Photo of lineworker repairing lines

Lineworkers: The Power Behind Your Power

You have a group of professionals working for you that jump into action when the weather takes a turn for the worst:  co-op lineworkers.

Braving stormy weather and other challenging conditions, lineworkers often must climb 40 or more feet in the air, carrying heavy equipment to restore power. They must perform detailed tasks next to high voltage power lines. To help keep them safe, they wear specialized protective clothing and equipment at all times when on the job. This includes special fire-resistant clothing that will self-extinguish, limiting potential injuries from burns and sparks. Insulated and rubber gloves are worn in tandem to protect them from electrical shock. While the gear performs a critical function, it also adds additional weight and bulk, making the job more difficult.

In addition to the highly visible tasks lineworkers perform, their job today goes far beyond climbing to the top of a pole to repair a wire. Line crews use their laptops and cell phones to map outages, take pictures of the work they have done and troubleshoot problems. In our case, GLE lineworkers are responsible for keeping over 14,000 miles of lines across 26 counties working in order to bring power to your home 24/7, regardless of the weather, holidays or personal considerations.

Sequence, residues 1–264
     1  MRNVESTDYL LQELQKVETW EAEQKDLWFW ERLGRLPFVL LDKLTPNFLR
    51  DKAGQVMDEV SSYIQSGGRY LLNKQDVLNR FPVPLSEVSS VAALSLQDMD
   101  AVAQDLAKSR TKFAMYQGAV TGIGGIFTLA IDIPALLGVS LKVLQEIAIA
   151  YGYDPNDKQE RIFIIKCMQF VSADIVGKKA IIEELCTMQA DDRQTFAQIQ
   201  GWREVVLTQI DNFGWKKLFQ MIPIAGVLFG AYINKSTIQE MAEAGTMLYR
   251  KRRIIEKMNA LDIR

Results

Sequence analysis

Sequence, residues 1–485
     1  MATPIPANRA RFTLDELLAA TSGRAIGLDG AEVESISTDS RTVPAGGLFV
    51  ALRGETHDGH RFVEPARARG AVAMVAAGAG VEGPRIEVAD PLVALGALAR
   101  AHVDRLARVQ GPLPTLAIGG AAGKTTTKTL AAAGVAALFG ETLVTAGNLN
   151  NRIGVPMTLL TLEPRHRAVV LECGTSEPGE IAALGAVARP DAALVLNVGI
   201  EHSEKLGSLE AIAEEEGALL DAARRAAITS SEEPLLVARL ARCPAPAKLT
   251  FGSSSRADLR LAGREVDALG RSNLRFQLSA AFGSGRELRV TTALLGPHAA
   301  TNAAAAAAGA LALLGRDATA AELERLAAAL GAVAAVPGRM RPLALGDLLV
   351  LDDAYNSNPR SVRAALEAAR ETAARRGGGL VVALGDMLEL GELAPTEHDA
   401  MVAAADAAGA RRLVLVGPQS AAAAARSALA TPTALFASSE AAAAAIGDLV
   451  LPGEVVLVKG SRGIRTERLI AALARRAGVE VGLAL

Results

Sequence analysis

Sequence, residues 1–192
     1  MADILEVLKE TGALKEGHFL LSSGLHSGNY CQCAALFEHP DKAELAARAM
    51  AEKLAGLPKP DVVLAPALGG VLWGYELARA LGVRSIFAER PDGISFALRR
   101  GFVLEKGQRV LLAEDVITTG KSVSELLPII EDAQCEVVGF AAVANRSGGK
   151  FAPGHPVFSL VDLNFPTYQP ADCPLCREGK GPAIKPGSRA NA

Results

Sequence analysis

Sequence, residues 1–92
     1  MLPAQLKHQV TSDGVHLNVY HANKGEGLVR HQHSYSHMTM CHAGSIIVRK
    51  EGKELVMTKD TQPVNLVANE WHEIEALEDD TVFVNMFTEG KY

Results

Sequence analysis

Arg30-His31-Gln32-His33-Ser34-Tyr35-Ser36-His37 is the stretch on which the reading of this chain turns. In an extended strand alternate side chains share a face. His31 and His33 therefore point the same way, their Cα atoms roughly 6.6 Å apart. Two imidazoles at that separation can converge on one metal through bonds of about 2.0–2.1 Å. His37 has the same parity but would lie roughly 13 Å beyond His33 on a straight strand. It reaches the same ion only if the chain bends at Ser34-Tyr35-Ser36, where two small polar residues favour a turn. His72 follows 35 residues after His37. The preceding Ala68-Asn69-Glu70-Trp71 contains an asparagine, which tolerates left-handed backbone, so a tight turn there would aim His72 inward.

While some lineworker tools have changed over the years—namely the use of technology—the dedication to the job has not. During dangerous weather conditions, crews often work around the clock to restore power. While April is known for spring showers, there is also a day set aside to “thank a lineworker.”

Lineworker Appreciation Day is April 9. So during the month of April, if you see any lineworkers, please pause to say thank you to the power behind your power. Let them know you appreciate the hard work they do to keep the lights on, regardless of the conditions.

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